The following quotes are extracted from some of the fake news stories and Youtube videos about the LES-1:
Abandoned in space in 1967, a US satellite has started transmitting again
After learning that a satellite that’s been silent for decades has suddenly started sending out new signals you may, of course, suspect that the device has been hijacked by aliens, now trying to communicate with Earth. Perhaps they’re warning us that they are planning an invasion!
Lost In Space for 50 Years Dead Satellite Starts Sending Messages
Recently, the LES1 which has been missing for around 50 years, has mysteriously began to transmit strange signals. Some people think the satellite was hijacked by an alien civilization that went on to transmit signals in order to establish contact with humanity.
DEAD SATELLITE STARTS SENDING CREEPY SIGNALS AFTER 50 YEARS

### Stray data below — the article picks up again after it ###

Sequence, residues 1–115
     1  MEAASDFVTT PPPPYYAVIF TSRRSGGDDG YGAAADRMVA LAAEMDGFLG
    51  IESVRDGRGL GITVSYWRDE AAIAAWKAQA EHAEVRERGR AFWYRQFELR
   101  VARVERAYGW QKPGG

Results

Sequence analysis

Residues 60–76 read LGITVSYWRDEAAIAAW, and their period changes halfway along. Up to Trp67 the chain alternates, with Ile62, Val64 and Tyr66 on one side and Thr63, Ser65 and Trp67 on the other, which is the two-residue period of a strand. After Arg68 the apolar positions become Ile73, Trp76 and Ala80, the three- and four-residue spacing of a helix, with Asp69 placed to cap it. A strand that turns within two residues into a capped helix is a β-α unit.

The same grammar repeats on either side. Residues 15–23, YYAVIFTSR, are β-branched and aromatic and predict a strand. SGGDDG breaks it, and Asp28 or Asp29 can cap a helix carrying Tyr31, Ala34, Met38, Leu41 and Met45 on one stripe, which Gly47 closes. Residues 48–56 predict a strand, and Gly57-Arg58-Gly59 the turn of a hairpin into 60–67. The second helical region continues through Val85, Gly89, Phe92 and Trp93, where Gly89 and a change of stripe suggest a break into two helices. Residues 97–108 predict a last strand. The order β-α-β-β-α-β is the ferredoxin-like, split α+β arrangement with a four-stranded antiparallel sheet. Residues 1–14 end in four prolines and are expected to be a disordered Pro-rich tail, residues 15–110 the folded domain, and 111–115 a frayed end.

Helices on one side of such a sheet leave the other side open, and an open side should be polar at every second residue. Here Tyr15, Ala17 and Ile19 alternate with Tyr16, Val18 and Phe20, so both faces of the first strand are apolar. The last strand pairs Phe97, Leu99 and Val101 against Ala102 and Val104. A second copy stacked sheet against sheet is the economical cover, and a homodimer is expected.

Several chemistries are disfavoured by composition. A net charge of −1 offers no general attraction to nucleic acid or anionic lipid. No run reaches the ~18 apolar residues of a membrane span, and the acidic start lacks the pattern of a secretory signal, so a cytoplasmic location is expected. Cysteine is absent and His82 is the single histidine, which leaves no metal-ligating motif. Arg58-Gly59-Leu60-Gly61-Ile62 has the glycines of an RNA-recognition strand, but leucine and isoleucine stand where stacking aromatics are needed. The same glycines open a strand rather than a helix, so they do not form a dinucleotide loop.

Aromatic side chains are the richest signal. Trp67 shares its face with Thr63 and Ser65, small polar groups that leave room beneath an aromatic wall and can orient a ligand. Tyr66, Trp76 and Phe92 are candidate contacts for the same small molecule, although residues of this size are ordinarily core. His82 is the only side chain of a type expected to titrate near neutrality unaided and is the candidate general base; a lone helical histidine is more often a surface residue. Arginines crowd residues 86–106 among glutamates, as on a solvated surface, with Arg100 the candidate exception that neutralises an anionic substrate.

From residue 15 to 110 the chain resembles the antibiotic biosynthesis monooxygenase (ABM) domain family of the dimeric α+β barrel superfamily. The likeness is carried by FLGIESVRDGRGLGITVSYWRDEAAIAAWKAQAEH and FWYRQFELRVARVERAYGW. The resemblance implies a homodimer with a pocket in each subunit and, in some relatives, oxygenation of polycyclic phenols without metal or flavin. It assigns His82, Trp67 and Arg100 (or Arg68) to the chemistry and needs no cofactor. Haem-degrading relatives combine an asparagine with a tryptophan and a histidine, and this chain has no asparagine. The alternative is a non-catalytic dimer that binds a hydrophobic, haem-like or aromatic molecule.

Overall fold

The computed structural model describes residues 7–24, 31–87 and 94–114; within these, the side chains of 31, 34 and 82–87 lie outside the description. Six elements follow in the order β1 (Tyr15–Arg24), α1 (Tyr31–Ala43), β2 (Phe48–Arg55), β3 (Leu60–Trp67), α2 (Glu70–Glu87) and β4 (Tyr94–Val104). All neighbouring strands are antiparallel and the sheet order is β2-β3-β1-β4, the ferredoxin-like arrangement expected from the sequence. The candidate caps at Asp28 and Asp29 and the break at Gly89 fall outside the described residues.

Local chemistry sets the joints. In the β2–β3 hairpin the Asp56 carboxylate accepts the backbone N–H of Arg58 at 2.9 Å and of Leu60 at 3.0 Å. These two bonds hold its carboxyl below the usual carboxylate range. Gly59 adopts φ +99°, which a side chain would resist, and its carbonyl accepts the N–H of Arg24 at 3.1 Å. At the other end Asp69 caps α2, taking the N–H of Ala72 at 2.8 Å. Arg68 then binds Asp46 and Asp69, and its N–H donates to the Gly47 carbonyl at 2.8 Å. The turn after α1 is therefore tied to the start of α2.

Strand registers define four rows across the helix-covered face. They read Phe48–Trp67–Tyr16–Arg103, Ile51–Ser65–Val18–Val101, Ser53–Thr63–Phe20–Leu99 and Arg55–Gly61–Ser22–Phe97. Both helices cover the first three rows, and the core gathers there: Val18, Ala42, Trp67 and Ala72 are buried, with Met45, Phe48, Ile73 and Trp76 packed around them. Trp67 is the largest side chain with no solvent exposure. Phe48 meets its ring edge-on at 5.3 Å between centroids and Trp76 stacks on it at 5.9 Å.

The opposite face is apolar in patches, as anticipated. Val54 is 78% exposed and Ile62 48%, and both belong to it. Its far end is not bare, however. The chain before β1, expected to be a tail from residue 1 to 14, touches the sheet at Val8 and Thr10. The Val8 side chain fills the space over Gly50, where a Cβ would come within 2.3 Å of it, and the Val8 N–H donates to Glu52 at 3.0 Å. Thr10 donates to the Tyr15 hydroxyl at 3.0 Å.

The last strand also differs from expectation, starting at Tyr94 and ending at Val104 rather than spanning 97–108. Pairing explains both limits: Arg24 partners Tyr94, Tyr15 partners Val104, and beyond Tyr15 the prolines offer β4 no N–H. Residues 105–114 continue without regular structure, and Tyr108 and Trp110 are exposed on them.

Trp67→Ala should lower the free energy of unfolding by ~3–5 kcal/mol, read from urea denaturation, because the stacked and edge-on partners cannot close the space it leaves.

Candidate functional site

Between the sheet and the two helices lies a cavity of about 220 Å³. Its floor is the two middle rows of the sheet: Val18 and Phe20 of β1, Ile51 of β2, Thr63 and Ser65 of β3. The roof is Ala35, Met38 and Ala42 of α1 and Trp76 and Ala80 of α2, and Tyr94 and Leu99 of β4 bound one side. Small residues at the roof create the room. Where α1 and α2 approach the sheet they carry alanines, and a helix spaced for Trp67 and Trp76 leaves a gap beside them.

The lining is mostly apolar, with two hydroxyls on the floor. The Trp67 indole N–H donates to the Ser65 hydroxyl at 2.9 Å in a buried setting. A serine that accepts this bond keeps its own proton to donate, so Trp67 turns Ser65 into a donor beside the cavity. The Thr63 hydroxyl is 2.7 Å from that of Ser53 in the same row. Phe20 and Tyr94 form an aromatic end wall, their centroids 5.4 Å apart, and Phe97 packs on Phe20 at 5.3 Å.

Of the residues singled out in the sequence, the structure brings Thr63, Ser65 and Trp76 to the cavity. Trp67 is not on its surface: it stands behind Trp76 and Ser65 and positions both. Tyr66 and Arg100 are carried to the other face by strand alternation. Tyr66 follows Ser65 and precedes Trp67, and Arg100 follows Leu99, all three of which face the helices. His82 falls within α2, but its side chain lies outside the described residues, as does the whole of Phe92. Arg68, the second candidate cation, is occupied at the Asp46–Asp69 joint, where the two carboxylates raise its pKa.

While Phil says its remarkable to think that electronics built nearly 50 years ago, 12 years before Voyager 1, and long before microprocessors and integrated circuits, is still capable of working in the hostile environs of space. Others immediately think of the movie Independence Day with Will Smith and Jeff Goldblum in which Aliens hijacked Earth's satellites to use them to coordinate their attacks. [...] Alien conspiracy people, however, are quick to point out that in the movie, the satellite signal code was a repeating signal that once ended would signal the beginning of the attack. And that this signal is doing just that, repeating every 4 seconds. Others think there could be aliens trying to communicate with us through our own satellites.